Description   |   Syllabus

Covering Conflict in an Age of Terror: Crisis Management and American Power
UC-Berkeley Graduate School of Journalism
Spring 2004

Mark Danner and Peter Tarnoff 
Course Number J298 // North Gate Hall B-1 Mondays 3 - 6 
 Description: Shortly after the collapse of the Soviet Union, the fashionable debate in Washington took up whether we had reached "the end of history." Less than a decade later history inundates us: terror, war, nuclear blackmail and the sheer pace of events have become overwhelming. After the attacks of 9/11 led to President Bush's "war on terror," a historic conflict once again dominates coverage of foreign affairs, with "crisis management" and a new "American Doctrine of Preventive War" at its heart. Through a close study of conflicts both real and speculative and through extensive class discussions and some role-playing, we will investigate how foreign policy crises develop and how they are managed, by senior policymakers and by the press. Against the background of the September 11 attacks and the invasion and occupation of Iraq, which we will analyze and study throughout the course, we will delve into potential crisis scenarios and their effect on the United States and the American government. These scenarios might include an attempted assassination plot between India and Pakistan; increasing tensions between the U.S. and the EU/UN over Iraq; a political confrontation between the U.S. and South Korea over North Korea; divisions in Iran over nuclear weapons; an attack on a Columbian oil pipeline by Venezuela; unrest in Saudi Arabia; and other crises of current interest. We will also unfold at least one scenario involving domestic terrorism, treating the government's evolving attempts to manage it, and the response of the press. Through a thorough airing of these and other topics in class discussion, supplemented by extensive reading and weekly writing assignments, we will come to an understanding of the structure of international crises - how the U.S. government would likely respond to them and how journalists should seek to cover them.

Main Class Requirements: This is a seminar. 

We judge it most important that students: 
* Attend all classes 
* Participate vigorously in discussions 
* Do all reading and writing assignments 

The class meets only fifteen times and attendance is mandatory. A student's record of attendance and participation in class discussion, together with the thoroughness of his or her preparation, will determine the success of our class and contribute the better part of the grade.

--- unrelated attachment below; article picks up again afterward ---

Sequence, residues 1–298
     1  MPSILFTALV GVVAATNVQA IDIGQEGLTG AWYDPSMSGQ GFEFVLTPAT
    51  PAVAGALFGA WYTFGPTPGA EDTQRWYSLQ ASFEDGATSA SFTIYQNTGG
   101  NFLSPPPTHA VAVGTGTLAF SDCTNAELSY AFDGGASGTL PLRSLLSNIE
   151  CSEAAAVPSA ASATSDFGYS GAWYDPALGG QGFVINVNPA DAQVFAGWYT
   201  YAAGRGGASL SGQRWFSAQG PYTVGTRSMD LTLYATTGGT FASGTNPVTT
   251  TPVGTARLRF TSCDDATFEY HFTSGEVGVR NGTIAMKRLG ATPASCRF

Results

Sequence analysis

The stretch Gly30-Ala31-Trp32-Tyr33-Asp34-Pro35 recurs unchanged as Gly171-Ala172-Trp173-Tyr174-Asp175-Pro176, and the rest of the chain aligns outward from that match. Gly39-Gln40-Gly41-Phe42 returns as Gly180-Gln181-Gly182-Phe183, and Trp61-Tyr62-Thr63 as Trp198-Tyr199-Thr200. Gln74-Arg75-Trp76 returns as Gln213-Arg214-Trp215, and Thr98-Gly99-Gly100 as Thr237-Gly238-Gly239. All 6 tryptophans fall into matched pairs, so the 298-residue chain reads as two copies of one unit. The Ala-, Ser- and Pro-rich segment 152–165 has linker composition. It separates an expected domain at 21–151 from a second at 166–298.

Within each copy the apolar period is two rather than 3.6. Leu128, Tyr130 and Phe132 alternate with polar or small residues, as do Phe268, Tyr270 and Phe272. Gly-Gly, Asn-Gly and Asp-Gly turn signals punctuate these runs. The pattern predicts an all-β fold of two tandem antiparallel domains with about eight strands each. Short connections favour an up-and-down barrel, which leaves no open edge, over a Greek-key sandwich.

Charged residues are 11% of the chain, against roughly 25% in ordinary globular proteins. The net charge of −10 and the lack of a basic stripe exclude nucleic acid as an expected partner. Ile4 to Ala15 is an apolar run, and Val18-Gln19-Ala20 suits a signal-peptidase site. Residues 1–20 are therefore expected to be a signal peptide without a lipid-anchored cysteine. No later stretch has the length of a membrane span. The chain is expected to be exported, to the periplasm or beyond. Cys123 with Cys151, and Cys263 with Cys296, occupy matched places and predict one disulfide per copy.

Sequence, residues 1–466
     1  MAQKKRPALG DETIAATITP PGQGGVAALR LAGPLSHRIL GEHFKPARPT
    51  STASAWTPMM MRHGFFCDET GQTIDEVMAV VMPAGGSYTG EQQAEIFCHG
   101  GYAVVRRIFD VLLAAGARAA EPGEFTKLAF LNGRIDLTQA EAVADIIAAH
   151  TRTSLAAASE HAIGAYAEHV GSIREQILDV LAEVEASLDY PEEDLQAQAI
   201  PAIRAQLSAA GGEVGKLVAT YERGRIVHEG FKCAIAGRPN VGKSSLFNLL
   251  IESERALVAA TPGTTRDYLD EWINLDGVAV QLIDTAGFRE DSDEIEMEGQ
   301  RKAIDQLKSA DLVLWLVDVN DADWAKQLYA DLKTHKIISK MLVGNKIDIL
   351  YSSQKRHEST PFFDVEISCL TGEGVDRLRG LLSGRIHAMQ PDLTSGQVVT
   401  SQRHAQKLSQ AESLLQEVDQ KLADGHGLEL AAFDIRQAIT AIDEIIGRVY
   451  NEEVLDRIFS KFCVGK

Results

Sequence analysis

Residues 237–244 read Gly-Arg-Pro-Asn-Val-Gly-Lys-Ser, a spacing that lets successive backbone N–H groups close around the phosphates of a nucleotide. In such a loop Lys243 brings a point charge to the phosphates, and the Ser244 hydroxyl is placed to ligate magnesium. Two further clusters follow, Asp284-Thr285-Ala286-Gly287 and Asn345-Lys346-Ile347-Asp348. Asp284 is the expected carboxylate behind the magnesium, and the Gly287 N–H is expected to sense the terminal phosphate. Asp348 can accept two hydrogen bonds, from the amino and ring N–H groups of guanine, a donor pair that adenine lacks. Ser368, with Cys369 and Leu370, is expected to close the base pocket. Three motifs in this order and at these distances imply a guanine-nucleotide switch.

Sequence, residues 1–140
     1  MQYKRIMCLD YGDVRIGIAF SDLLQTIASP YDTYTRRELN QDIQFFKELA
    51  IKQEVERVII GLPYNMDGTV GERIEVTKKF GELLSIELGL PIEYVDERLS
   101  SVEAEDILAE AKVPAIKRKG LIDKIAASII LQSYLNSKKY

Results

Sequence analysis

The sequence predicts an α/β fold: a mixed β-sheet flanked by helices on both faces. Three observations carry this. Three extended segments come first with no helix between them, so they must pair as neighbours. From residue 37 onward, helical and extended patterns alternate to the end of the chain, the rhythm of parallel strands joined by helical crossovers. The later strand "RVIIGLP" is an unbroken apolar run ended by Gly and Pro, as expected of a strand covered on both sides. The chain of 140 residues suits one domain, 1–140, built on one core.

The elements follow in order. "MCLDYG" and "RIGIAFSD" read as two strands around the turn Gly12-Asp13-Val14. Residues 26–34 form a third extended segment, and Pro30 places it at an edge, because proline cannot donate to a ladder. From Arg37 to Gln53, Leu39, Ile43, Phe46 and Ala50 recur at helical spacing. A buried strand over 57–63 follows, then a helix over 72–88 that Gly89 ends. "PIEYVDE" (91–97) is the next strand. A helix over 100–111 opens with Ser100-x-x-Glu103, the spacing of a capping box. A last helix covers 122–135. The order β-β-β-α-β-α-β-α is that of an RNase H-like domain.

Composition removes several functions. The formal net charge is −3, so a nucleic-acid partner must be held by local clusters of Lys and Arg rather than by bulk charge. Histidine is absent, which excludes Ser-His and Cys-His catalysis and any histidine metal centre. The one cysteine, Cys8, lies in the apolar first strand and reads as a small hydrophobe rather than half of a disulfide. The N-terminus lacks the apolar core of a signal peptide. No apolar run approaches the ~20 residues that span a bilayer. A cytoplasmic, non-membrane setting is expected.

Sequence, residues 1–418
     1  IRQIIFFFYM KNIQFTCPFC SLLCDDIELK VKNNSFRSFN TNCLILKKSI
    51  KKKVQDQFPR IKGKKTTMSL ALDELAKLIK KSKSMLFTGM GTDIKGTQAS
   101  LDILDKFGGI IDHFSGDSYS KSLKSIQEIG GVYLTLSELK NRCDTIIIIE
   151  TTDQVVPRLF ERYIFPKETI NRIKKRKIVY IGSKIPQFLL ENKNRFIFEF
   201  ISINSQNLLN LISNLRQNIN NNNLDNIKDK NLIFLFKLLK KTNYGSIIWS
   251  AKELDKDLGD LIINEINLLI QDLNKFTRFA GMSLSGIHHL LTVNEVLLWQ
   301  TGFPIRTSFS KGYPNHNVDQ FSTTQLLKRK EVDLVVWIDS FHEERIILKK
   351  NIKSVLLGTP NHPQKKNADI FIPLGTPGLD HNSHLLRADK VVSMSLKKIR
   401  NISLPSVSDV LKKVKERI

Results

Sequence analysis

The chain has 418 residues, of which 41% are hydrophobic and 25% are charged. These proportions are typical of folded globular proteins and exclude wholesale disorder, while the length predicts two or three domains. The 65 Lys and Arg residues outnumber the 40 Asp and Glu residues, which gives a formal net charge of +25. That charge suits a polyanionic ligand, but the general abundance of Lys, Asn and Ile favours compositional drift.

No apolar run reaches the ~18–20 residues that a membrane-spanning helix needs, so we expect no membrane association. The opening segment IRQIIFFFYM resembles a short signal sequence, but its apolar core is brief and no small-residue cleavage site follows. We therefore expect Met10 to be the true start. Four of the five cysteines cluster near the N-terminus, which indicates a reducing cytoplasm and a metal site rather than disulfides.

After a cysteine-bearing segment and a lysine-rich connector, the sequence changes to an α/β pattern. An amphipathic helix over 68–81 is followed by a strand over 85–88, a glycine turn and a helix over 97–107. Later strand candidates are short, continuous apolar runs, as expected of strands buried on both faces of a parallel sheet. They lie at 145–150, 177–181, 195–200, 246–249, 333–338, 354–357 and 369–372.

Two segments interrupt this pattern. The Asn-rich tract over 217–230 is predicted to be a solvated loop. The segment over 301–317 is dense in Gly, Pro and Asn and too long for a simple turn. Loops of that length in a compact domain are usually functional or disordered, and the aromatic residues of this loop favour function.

*Writing:* Students will be assigned a number of short papers. Insofar as possible, students should draw in their papers on the assigned reading and on class discussions. In this graduate-level journalism school course, we will grade heavily on the clarity and vigor of the writing. (Note that Strunk and White's Elements of Style and George Orwell's "Politics and the English Language" are recommended reading for this course. We strongly suggest you read - or reread - these thoroughly before the third class.) 

*Books and Articles:* Students will find books for the course on sale at Signal Bookshop, which is located at 1816 Euclid Avenue, about fifty yards north of the Graduate School of Journalism at North Gate Hall (Carson Hall, owner; telephone: 843 1816). Other materials, including articles, chapters, case studies, and, in some cases, entire books, we will distribute in photocopy. Copies of all photocopied material will be kept in the office. 

*Newspapers and Magazines:* Although we will be trying to look to "the near future," this course in fact takes up contemporary foreign affairs. From the beginning of this course, students are expected to be well-versed in current events and to follow them daily in the newspapers, preferably The New York Times, The Washington Post or The Los Angeles Times. The Economist, a British weekly available at any good newsstand, is also highly recommended. 

*Films:* From time to time during the term we will screen films intended to complement our studies. 

*Schedule:* Note that all classes will take place Mondays, 3 to 6 p.m., and will be divided at 4:30 p.m. by a ten-minute break.